It’s hard for me to describe exactly what that something is, but like many of us involved with GIS and geographic information, I’ve always been drawn to and fascinated by maps.
Washington D.C. 1851 map from the David Rumsey collection on ArcGIS Online.
The first map I can recall that really captured my attention was a USGS topo map. Not a digital map, instead it was the paper kind that I’d run down to the local sporting goods store to buy.
These maps had many advantages that are elusive even with today’s best technology. They were portable and I could use them anywhere; I could easily fold them up and stuff them in my pack or pocket. They were perfectly compatible and interoperable with any pen or pencil (and also bright yellow highlight markers). They were great for communication and collaboration; I could mark places of interest and share them later with others, or mail them to far-off colleagues. Between the creases and folds I found not only adventure, but authoritative information that I could trust.
These maps were reliable and never failed, never ran out of power, never needed a plug-in or software update, and they’ve survived the test of time (the map tube in the far corner of my closet is proof). Those torn and dog-eared USGS topo maps are probably why I eventually ended up where I find myself today.
A stone as a work of art (from Wikimedia).
Why do I find maps so appealing? Perhaps it is because I like the power of simplicity, and maps capture information in an understandable, shareable, and simple way. Simple…
Someone, I can’t recall who, once said:
“Stones are simple. But craftsmen with the right toolscan make works of art from stones.”
In many respects GIS maps are our works of art. They capture our knowledge, our tradecraft, and our skills. They enable us and others to gain understanding from disparate data, and understand their relationships.
Simple and effective maps are powerful, and can make the communication of complex things easy. Through simple and effective maps sometimes the most powerful “GIS analysis” can be accomplished intuitively just by viewing one. And like a great sculpture, a great map may be hard to define precisely, but we clearly recognize one when we see one.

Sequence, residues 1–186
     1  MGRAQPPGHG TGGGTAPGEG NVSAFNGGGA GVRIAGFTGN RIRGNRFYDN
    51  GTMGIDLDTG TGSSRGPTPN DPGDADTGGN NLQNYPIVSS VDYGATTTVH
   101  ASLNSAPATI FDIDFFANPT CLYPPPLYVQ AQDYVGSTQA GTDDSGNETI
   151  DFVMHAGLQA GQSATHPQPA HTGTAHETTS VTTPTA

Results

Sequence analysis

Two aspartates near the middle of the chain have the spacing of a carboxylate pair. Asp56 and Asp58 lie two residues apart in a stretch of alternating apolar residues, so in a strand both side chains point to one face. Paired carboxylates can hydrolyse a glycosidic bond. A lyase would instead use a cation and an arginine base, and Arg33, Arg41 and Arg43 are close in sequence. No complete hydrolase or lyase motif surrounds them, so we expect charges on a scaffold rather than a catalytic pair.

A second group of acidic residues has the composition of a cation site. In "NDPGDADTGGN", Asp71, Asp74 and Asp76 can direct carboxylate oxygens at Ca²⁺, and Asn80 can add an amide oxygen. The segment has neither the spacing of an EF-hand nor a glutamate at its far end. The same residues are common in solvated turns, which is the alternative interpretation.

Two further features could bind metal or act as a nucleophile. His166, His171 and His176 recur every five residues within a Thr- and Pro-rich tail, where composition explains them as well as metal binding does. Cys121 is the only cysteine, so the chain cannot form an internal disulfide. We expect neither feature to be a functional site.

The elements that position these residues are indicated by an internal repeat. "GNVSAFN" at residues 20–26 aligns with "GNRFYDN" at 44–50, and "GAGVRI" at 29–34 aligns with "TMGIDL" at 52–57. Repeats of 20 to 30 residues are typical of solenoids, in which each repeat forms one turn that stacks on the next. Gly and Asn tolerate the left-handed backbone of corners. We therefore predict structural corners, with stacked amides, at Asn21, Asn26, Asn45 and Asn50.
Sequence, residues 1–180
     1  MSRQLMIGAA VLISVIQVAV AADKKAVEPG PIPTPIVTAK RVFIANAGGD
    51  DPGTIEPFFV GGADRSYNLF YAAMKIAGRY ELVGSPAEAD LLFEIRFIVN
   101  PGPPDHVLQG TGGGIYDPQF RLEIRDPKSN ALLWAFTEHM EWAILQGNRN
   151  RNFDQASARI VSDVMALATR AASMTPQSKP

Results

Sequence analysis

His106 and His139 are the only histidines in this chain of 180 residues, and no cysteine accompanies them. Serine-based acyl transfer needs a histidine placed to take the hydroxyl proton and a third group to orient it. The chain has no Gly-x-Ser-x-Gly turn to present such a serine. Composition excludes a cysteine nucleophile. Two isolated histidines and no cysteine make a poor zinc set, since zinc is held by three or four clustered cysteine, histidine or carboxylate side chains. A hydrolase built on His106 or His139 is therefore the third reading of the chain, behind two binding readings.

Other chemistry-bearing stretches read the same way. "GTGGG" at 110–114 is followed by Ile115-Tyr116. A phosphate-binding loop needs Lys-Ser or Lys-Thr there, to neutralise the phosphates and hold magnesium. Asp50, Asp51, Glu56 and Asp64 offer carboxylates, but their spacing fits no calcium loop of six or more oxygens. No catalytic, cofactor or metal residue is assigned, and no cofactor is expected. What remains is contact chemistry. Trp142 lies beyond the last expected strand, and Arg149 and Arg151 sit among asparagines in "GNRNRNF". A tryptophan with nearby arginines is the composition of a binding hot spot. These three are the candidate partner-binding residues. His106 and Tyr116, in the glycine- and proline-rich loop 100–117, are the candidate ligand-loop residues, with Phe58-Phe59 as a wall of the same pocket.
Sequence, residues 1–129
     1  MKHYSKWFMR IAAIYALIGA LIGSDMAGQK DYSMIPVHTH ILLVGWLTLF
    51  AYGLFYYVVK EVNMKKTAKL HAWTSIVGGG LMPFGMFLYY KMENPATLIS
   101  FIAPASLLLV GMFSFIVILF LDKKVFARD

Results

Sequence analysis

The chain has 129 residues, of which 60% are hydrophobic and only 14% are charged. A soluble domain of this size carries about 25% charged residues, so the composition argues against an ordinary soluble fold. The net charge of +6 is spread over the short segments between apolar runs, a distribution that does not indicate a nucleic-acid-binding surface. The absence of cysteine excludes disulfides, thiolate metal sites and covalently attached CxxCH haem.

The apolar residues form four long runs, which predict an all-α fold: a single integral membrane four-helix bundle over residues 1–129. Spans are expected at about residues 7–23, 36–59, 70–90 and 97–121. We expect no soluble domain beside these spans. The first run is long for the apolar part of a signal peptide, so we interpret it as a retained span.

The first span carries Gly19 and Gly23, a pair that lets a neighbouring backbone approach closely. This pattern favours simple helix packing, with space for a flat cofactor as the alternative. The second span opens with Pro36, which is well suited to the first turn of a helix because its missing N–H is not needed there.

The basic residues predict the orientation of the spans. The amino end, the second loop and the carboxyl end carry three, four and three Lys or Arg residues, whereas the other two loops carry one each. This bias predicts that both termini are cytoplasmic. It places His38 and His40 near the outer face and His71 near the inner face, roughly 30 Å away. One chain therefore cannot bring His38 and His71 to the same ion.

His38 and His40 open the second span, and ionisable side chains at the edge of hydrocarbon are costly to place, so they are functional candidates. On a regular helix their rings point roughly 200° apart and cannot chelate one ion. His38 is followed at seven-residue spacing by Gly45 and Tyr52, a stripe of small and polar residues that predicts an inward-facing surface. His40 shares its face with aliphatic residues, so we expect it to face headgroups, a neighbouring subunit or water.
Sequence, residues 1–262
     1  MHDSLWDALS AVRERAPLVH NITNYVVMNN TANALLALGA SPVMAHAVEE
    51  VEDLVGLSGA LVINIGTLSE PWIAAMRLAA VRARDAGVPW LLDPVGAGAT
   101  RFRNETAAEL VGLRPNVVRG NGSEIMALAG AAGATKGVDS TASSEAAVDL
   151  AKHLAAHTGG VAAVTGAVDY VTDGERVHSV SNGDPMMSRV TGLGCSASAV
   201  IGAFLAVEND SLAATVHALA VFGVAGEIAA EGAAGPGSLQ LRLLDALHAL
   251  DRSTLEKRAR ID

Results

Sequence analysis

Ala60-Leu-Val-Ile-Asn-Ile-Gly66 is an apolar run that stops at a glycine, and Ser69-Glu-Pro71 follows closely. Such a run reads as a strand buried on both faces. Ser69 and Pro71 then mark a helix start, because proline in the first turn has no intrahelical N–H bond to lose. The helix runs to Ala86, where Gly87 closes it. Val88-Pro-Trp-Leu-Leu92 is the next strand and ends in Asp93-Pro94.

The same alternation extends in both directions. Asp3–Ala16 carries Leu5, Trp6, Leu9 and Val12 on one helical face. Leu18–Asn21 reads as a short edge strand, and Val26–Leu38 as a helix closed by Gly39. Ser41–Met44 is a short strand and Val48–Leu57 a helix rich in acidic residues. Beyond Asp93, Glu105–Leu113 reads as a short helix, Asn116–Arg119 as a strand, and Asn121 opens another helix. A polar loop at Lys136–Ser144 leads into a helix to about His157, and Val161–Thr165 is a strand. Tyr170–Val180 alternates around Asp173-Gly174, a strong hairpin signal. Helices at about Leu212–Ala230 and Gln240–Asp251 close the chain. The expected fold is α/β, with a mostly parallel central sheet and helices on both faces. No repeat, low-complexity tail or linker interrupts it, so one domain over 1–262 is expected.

Though GIS has changed and evolved vastly over the years in almost unimaginable directions, and converged with other factors like the Web, social media, mobile devices, and the cloud, the map has always been, and remains today, the primary substrate for our work. It’s the canvas upon which our GIS art and craft is painted, and shared with others.
A colleague sent this page from an early overview of the ARC/INFO system, dated April 1, 1982 (by Scott Morehouse):
Captured in that early GIS document is the importance of a map:
A GIS is about making, using, and sharing maps for many purposes, empowering GIS professionals, and often more importantly, empowering anyone to gain geographic knowledge using maps as the delivery vehicle.
Our ability to make, use, share, and communicate using GIS maps has grown exponentially since I purchased my first USGS quad sheet, and since Scott Morehouse documented the ARC/INFO System. Now, many years later,ArcGIS 10.1 and the evolution of ArcGIS Online represent significant mileposts in the history of GIS maps.
These latest steps make it easier than ever before to deliver GIS maps to the Web, to mobile devices, and via the cloud where they can reach a vast audience. This ultimately means that even more people can discover their powerful simplicity, and will agree with me that there’s just something about a good map.
About Bern Szukalski
Esri product strategist and technical evangelist. Twitter: @bernszukalski Email: firstname.lastname@example.org